Re: in-flight engine shutdown / antiquated ATC equip

From: (John Kennedy)
Organization: Second Source, Inc.  Annapolis, MD
Date:         05 May 95 03:27:15 
References:   1
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In article <airliners.1995.518@ohare.Chicago.COM> (R. & L. Chilukuri) writes:
>Our local newspaper had an article today on an in-flight shutdown of
>a B767 engine:
>ATC lost radio contact with a UA jetliner over the North Altlantic as
> [deletia]
>A private subcontractor, Aeronautical Radio Inc., was used to relay radio
>messages between the airliner and the ATC. The company transcribes
>reports and then transmits them by teletype to the Controllers at he
>FAA's New York Center. The controllers keep track of locations in their
>heads, or use grease pencils on Plexiglas!!!!
>The controller on duty received the information on teletype,
>telephoned Aeronautical Radio, and asked to be patched through to the
>plane. -- that took 5 minutes and was considered to be pretty quick!

I'm very glad to see this group established.  This group contains the
highest signal to noise ratio of any I've seen.

Maybe this is a good time to introduce myself to this group.  I am a
software developer and a consultant to ARINC.  I have worked since 1989
on the systems used at NYC, SFO, and HNL to transcribe ATC communications
between aircraft and FAA centers.  It's not quite as bad as this posting
and _Newsweek_ would say it is.

First of all, this system is in place because of a dearth of radar over
the oceanic airspace.  After a flight is so many miles offshore, it is
out of range of both ladn-based radar and VHF communications.  Communications
are maintained via HF radio:  ancient technology, but it works for non
line-of-sight paths.  Pilots give position reports, weather updates,
and other information to the ARINC communications center.  The position
reports are forwarded to the parent airlines, relevant FAA centers, and a
system called ODAPS (Oceanic Display and Processing System).  These are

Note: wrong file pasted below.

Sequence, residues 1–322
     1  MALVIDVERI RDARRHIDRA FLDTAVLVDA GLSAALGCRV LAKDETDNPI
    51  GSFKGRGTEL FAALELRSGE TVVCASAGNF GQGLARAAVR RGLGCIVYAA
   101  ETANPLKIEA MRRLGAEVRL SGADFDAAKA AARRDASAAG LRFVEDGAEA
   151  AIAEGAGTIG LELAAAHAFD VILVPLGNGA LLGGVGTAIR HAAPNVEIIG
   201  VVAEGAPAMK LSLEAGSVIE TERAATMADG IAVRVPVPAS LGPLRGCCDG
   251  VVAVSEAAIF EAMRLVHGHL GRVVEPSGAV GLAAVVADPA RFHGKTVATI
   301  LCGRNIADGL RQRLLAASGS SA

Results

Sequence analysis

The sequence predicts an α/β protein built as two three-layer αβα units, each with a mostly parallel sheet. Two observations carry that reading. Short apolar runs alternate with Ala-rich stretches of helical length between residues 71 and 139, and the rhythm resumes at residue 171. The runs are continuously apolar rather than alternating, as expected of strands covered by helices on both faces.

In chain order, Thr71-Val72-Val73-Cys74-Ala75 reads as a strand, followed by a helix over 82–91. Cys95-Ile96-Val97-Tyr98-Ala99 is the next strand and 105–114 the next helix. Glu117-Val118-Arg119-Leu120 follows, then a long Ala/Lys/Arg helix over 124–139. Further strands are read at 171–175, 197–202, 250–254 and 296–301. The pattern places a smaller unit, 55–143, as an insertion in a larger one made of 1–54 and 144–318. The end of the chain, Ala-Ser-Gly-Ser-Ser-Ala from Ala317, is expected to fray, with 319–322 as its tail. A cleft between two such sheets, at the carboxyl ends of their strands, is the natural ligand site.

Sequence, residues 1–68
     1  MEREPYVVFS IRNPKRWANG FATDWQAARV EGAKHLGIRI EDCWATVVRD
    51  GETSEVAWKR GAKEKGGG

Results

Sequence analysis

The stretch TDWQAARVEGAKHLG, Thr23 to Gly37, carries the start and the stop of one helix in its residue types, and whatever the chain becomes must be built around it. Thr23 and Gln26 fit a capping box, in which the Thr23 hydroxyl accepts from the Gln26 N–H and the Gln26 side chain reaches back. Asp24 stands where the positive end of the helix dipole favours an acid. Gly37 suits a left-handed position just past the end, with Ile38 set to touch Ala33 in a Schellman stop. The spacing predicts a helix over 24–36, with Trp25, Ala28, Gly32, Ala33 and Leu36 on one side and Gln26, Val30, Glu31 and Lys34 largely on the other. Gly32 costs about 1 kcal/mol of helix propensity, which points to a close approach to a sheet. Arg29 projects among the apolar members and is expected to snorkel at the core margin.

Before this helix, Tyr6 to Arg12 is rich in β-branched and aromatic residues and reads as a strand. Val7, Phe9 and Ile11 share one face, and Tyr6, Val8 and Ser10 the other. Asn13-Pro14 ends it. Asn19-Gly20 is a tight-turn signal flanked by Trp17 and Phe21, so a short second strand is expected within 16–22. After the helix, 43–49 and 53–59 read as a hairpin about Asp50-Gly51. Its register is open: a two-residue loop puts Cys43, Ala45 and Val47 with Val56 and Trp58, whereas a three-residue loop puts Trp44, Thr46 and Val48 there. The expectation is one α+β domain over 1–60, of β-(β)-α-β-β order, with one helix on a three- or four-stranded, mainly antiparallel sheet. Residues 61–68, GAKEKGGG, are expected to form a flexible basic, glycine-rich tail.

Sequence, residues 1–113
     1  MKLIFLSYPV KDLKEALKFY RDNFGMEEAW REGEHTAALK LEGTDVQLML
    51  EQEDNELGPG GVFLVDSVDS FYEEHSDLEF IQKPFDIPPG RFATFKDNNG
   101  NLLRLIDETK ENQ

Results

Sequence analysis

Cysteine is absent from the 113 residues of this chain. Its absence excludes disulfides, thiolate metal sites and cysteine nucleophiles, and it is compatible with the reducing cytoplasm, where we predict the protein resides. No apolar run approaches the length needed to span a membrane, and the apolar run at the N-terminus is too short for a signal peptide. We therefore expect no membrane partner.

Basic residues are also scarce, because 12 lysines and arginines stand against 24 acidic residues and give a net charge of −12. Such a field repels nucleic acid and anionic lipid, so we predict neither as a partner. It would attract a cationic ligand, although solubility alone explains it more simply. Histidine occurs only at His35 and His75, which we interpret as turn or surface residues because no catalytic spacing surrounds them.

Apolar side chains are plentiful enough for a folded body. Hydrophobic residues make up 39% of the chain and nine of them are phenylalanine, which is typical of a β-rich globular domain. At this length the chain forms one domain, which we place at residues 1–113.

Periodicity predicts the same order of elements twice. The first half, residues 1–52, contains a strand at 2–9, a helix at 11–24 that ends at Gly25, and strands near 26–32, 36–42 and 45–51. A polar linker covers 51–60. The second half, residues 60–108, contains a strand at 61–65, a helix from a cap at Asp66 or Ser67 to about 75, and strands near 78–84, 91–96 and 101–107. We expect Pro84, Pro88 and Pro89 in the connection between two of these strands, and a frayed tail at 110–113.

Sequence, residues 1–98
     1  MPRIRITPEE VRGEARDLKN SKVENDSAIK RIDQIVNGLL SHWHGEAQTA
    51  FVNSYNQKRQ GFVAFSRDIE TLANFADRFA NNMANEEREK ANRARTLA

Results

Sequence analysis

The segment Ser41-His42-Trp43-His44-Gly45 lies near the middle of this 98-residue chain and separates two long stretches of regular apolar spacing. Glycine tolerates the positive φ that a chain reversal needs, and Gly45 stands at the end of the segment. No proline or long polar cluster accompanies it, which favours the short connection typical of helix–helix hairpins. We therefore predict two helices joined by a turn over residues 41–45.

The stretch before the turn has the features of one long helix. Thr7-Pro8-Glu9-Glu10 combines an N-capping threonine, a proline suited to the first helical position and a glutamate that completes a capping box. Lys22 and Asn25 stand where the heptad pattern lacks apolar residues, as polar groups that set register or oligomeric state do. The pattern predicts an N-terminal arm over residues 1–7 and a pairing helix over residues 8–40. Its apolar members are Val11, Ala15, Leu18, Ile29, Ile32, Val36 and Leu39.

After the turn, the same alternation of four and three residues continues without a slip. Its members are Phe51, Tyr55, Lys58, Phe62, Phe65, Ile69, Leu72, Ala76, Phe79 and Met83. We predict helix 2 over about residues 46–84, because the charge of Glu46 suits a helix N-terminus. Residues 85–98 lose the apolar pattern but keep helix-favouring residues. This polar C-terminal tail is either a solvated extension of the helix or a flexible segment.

communications over a network between modern Unix workstations, not
teletypes.  The ARINC operators do not keep track of locations via grease
pencils or other means.  That is the job of the controllers at the FAA

The ODAPS system is an interesting simulation of a typical center's radar
scope, only its data comes from these position reports, not from radar.
Thus, trans-oceanic flights are being monitored on the same kind of
displays and at the same centers as are terrestrial flights.  The flights
have tags containing flight ids and altitude, and are advanced periodically
by the ODAPS computer, based on the position report histories.

In the other, uplink, direction, any ATC clearance information has a
potential lifetime of three minutes;  if not delivered to the aircraft
in that time, it is considered obsolete.  This does not mean the
deliveries typically take that long.  A controller determines an ATC
directive, and instead of contacting the aircraft, phones the comm center.
The radio operator transcribes the clearance, then passes the clearance to
another operator, who contacts the aircraft via HF.  This relayed uplink
clearance typically takes less than a minute.   Because a clearance directive
could stay active for up to three minutes, the in trail separation is much
greater for transoceanic flights.

This system will be eventually replaced due to the increasing number
of SATCOM equipped aircraft, which can generate automatic GPS-derived
position reports and other communications.  Due to the very high cost
of so equipping aircraft, this has been a very slow transition.
United probably has the most SATCOM-equipped flights at this time;
the FAA still has not blessed this as a primary medium for delivering
clearances without the HF radio backup.
>Newsweek had an article just last week on the antiquated ATC equipment!

Newsweek also didn't mention that a typical HF relay can take as little as
6 seconds and SATCOM messages have taken up to 4 minutes.  The emerging
technology is still, well, emerging.


Disclaimer:  I don't speak for ARINC, and I've been wrong before.

John Kennedy           
Second Source, Inc.
Annapolis, MD